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Japan-easy#14There's the shop on
the right side of the signal.

Saying that
something is there

1. Shingō no migi ni/ano shita ni

Today, we'll see how to explain in detail where something or someone is.

The lady is meeting her boyfriend in Asakusa. Let’s check out their conversation about going shopping.

The man: “Omise wa doko desuka?” The lady: “Omise wa shingō no migi ni arimasu.”

“Omise” means “shop” and “doko” means “where.” He put “desu” and “ka” after that to make it the question form to ask where the shop is.

Then the lady answered, “Omise wa shingō no migi ni arimasu.” “Shingō” is “traffic light” and “migi” is “right.” She put “no” in between the words and said “shingō no migi,” which means “to the right of the traffic light.”

You simply have to add “ni” to the word that describes the position and say “Shingō no migi ni arimasu.” “Arimasu” is the keyword that describes that something is there.

The two turned right at the light and found something surprising.
The man: “Biru no ue ni shefu ga imasu.”
The lady: “Ano shita ni omise ga arimasu.”

There were words that describe position in that conversation too. First, the word “ue.” “Ue” means “on top of,” so “biru no ue” means “on top of the building.” Then the lady answered, “shita.” “Shita” means “under.” “Ano” is used to refer to something that is far away from the speaker and the listener. In this case, the word was referring to the chef statue that was across the street. Therefore, “Ano shita ni omise ga arimasu” means that the store the couple was looking for is under the chef statue.

Now, let's see the two shopping inside the store. The two came to buy a frying pan, and they asked the manager where the frying pans are.

The man: “Furaipan wa doko ni arimasuka?”
The manager: “Furaipan wa hidari no tana ni arimasu.”

Take note that since he wanted to ask about frying pans, he first used the phrase “furaipan wa.” The manager also started with the phrase “furaipan wa” to confirm that frying pans were the topic of the conversation.

2. Kanji-easy!

There are about 2,000 “kanji” that are regularly used.
This section will use various methods that will allow you to visualize kanji.
We hope you will become acquainted with kanji while having fun.
Today, we have kanji that represent morning, daytime, and night.
You’ll see some typical Japanese meals in the video too.

3. Tempura wa karē no hidari ni arimasu.

Let's take a closer look at how to express where something is.
There is a practice question at the end so have fun with that too.

In this video, three close friends visit a famous food sample shop in Asakusa.
Everyone says a lot of stuff, talking from their perspective about where the food items are. Can you understand where each dish is?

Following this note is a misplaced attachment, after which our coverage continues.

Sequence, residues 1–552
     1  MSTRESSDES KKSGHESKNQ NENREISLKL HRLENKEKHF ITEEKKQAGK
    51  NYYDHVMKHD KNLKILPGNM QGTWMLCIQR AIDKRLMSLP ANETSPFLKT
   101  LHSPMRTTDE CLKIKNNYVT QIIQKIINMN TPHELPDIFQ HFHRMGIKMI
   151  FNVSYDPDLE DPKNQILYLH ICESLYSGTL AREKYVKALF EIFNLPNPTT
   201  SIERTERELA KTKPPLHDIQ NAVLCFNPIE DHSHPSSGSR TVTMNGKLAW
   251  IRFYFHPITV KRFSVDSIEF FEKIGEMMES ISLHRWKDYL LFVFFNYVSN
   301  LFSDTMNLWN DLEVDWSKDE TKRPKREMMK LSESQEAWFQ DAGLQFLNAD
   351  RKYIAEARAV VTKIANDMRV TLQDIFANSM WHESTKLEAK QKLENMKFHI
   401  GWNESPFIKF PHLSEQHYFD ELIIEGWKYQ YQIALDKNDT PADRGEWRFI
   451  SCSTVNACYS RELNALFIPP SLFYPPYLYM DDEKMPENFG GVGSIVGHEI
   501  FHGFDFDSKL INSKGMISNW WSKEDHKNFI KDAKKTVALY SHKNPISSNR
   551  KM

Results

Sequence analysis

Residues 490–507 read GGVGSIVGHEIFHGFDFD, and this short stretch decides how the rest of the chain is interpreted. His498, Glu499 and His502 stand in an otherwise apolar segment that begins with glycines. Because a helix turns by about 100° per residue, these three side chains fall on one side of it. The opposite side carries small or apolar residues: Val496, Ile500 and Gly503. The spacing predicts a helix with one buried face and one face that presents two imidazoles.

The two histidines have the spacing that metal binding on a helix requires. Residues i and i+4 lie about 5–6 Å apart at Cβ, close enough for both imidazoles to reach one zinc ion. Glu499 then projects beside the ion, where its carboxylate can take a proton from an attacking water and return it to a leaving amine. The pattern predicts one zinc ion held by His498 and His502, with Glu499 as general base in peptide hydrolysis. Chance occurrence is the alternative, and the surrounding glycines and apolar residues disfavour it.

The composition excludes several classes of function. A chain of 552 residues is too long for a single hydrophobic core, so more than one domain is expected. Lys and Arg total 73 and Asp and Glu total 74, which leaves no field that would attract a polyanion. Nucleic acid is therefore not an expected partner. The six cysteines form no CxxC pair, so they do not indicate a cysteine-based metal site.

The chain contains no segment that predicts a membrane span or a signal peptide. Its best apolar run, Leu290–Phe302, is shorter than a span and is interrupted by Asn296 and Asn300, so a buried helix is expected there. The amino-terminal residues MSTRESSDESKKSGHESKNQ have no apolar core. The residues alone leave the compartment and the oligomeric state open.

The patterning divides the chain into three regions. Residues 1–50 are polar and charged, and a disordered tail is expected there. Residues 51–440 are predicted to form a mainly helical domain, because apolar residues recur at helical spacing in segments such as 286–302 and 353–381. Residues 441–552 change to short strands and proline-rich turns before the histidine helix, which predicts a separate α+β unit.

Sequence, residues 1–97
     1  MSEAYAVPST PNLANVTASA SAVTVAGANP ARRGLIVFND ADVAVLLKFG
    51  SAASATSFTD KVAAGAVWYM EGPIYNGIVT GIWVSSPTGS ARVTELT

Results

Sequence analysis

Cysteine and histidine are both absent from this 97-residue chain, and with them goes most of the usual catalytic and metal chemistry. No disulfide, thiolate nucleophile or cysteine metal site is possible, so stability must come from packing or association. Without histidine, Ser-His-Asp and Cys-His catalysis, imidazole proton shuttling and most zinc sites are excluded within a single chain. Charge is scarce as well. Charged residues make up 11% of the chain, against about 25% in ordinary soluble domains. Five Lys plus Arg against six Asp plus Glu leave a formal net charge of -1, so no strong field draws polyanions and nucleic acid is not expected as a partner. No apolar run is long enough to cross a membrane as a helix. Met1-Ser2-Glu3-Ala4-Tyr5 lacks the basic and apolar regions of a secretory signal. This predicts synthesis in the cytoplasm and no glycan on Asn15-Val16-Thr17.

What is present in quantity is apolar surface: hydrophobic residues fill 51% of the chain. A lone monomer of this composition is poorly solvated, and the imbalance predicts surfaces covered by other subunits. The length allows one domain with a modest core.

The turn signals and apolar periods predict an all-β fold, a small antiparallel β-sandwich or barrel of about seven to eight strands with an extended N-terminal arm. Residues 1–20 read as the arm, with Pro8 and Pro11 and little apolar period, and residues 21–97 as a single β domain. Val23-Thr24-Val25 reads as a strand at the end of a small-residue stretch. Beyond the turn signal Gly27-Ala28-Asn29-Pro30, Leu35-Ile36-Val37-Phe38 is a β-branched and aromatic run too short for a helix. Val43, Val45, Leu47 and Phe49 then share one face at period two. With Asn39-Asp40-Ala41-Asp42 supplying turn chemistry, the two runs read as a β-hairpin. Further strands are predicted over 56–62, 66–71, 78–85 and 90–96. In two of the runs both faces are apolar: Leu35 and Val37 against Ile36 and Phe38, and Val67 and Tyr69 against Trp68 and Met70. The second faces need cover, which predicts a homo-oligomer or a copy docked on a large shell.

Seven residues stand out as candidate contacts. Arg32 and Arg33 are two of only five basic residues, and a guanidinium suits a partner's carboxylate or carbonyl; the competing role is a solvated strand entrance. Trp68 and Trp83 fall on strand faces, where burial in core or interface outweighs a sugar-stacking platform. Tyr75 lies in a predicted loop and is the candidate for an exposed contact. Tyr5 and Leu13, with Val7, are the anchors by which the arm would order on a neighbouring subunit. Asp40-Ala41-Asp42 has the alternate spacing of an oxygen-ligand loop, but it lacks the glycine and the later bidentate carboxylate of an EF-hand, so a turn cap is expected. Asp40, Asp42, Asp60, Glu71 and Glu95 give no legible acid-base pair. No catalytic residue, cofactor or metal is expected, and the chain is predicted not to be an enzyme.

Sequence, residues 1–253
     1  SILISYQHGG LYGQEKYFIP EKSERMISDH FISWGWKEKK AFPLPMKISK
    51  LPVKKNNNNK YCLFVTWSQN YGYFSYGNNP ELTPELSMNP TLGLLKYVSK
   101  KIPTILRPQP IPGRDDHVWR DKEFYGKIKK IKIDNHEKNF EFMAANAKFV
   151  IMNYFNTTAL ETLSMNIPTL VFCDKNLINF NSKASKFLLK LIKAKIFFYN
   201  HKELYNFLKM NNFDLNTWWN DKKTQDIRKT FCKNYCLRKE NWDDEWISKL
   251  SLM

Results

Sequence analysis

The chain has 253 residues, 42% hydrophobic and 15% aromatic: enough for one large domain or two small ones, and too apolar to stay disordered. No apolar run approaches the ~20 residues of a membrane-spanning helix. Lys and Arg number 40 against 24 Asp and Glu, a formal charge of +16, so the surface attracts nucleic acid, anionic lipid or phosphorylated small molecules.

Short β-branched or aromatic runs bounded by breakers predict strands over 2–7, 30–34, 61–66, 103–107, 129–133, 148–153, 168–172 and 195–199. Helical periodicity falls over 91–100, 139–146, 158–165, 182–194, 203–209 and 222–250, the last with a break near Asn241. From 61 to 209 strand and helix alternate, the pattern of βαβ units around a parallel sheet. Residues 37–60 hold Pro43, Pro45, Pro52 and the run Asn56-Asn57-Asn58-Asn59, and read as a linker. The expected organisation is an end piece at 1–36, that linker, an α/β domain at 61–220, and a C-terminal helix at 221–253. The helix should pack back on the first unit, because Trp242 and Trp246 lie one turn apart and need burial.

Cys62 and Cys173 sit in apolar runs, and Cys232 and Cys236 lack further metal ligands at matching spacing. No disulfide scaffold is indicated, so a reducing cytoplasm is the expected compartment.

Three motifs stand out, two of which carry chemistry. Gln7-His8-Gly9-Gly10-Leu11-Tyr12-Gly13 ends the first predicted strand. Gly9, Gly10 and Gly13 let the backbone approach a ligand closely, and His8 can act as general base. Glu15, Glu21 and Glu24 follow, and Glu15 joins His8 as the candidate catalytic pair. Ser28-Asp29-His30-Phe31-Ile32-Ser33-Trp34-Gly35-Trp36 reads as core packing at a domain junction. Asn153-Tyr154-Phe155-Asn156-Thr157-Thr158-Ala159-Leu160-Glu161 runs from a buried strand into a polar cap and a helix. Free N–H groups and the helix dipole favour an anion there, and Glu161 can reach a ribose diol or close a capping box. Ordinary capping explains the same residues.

Let's view the scene carefully for some of the phrases we learned.

4. Phrase-easy!

You will learn useful Japanese phrases and real-life experiences relating to those phrases.
On the menu today, we have the phrase “atama ga masshiro.”

Tea Break



This is a standard tofu dish, often served as a side dish for dinner or a compliment to alcoholic drinks.

A chilled piece of tofu is cut into a large, rectangular piece, and topped with condiments such as green onions, Japanese ginger, bonito flakes, ginger, and soy sauce. Hiyayakko is the perfect dish for the hot summers in Japan when people lose their appetite and prefer light, refreshing dishes.

on the Net #14

Question 1

Instruction:Following the example below, describe each place in Japanese.



(biru no ue)

on the building




(tēburu no shita)

under the table




(sumāto fon no migi)

at the right of the smart phone




(neko no temae)

at the front side of the cat

Question 2

Instruction:Looking at the picture below, explain where each food is by using the two cue words.


オレンジorenji (orenji = orange)・
みぎmigi (migi = right)


(orenji wa miruku no migi ni arimasu)

The orange is at the right of the milk.


ミルクmiruku (miruku = milk)・
ひだりhidari (hidari = left)



(miruku wa orenji no hidari ni arimasu)

The milk is at the left of the orange.


みそ汁misoshiru (misoshiru = miso soup)・
ひだりhidari (hidari = left)



(misoshiru wa miruku no hidari ni arimasu)

The miso soup is at the the left of the milk.


ハンバーグhanbāgu (hanbāgu = hamburg steak)・
てまえtemae (temae = at the front)



(hanbāgu wa retasu no temae ni arimasu)

The hamburg steak is at the front of the lettuce.

Question 3

Instruction:Looking at the picture below, choose two correct sentences to describe the scene.


(haruka wa tēburu no ue ni imasu)


(ryūta wa tēburu no ue ni imasu)


(ryūta wa kabin no hidari ni imasu)


(sakana wa neko no temae ni arimasu)


(naifu to fōku wa tēburu no shita ni arimasu)


(daiyamondo wa haruka no ushiro ni arimasu)

Correct answers

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